- a monster in fairy tales and popular legend, usually represented as a hideous giant who feeds on human flesh.
- a monstrously ugly, cruel, or barbarous person.
Origin of ogre
SynonymsSee more synonyms for ogre on Thesaurus.com
Examples from the Web for ogre
Storm in sky and sea matches human passions and conflict; waves grind boulders “with ogre anger.”Tolkien’s Unfinished Epic: ‘The Fall of Arthur’
May 23, 2013
His demeanor won him the nickname “ogre of Avetrana” because of his dirty fingernails and soiled clothing.Knox's Grisly Successor
Barbie Latza Nadeau
November 1, 2010
When the new installment of Shrek opened this past weekend, audiences flocked for another fix of Ogre and Donkey.Why Comedians Have Short Careers
May 22, 2010
"You will now see the other ogre," he said, and I pictured to myself the other ogre as charming as his partner.My Double Life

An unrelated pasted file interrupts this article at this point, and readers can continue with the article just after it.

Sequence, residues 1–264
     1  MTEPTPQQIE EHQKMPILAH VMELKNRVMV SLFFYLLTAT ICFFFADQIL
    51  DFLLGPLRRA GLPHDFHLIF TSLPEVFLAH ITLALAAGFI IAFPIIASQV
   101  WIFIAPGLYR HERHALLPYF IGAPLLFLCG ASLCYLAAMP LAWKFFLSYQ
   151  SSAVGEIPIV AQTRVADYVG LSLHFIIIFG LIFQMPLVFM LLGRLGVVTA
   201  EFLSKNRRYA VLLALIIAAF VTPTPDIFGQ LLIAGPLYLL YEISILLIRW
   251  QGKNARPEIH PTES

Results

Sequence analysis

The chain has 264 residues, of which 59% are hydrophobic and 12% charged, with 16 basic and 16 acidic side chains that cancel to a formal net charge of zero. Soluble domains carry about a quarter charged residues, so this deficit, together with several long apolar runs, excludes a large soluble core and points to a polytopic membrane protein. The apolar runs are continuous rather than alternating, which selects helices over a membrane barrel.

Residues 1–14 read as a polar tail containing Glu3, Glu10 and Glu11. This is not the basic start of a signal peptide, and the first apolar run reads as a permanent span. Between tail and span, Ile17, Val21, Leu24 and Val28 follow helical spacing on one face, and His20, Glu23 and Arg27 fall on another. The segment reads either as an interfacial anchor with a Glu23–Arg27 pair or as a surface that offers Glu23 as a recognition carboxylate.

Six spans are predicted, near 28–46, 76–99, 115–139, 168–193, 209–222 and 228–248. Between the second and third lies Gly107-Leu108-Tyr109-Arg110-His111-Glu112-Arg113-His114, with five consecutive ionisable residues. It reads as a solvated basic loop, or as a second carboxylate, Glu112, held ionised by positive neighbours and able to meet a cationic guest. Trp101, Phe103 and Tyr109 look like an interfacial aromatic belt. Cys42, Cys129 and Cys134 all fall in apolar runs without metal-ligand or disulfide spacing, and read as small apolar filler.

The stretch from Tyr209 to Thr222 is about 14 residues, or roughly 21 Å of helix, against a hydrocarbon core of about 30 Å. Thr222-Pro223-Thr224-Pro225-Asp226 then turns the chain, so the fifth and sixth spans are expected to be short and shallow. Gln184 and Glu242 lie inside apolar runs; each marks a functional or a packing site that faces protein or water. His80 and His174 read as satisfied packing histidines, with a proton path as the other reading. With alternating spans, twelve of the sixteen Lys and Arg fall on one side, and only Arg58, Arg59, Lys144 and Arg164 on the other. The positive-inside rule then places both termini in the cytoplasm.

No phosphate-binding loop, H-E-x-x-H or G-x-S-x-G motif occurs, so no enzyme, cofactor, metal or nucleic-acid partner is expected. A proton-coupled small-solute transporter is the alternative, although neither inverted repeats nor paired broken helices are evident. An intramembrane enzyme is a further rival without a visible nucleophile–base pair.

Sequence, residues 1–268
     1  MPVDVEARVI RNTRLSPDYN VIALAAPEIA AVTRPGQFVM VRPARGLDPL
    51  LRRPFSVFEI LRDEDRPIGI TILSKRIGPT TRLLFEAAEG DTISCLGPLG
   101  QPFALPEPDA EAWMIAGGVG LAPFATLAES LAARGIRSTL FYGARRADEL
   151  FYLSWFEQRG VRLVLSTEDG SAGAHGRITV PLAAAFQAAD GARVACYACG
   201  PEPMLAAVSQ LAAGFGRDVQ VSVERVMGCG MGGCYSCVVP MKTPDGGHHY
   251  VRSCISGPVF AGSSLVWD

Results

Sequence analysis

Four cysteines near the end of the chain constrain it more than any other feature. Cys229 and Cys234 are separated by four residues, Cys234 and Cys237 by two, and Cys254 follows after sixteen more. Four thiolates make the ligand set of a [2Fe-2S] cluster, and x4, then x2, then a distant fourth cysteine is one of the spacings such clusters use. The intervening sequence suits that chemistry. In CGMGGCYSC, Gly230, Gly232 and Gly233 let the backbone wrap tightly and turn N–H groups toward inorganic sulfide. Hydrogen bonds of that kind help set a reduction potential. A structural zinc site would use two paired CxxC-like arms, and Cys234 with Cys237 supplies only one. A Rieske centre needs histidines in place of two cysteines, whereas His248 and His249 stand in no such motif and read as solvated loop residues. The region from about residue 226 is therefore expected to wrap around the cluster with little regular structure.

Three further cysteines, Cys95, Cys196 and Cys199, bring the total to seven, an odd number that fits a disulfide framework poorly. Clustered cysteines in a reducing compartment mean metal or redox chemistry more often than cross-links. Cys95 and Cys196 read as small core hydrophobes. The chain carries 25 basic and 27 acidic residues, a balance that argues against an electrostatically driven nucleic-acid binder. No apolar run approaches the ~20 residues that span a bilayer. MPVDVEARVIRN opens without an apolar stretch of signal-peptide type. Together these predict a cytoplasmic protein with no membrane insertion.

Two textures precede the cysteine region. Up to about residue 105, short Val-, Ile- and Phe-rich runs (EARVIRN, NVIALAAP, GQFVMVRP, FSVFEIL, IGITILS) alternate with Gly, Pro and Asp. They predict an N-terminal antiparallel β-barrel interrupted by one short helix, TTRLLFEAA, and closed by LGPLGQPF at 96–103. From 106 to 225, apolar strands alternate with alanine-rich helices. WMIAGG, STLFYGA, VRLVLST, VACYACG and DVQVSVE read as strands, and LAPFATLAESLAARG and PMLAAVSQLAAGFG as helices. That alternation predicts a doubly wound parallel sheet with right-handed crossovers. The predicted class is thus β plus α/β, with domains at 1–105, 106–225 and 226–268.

All his old prejudices were reviving; it was as if he were going to some ogre's den.The Three Cities Trilogy, Complete
His countenance was that of an Ogre on the shoulders of a Hercules.
The ogre, surprised, asked him who he was, and Panther told him his whole story.
Suddenly he turned into an ogre, spread his wings and was about to fly.
- (in folklore) a giant, usually given to eating human flesh
- any monstrous or cruel person
Word Origin and History for ogre
"man-eating giant," 1713, hogre (in a translation of a French version of the Arabian Nights), from French ogre, first used in Perrault's "Contes," 1697, and perhaps formed by him from Italian orco "demon, monster," from Latin Orcus "Hades," perhaps via an Italian dialect. In English, more literary than colloquial. The conjecture that it is from Byzantine Ogur "Hungarian" or some other version of that people's name (perhaps via confusion with the bloodthirsty Huns), lacks historical evidence. Related: Ogrish; ogrishness.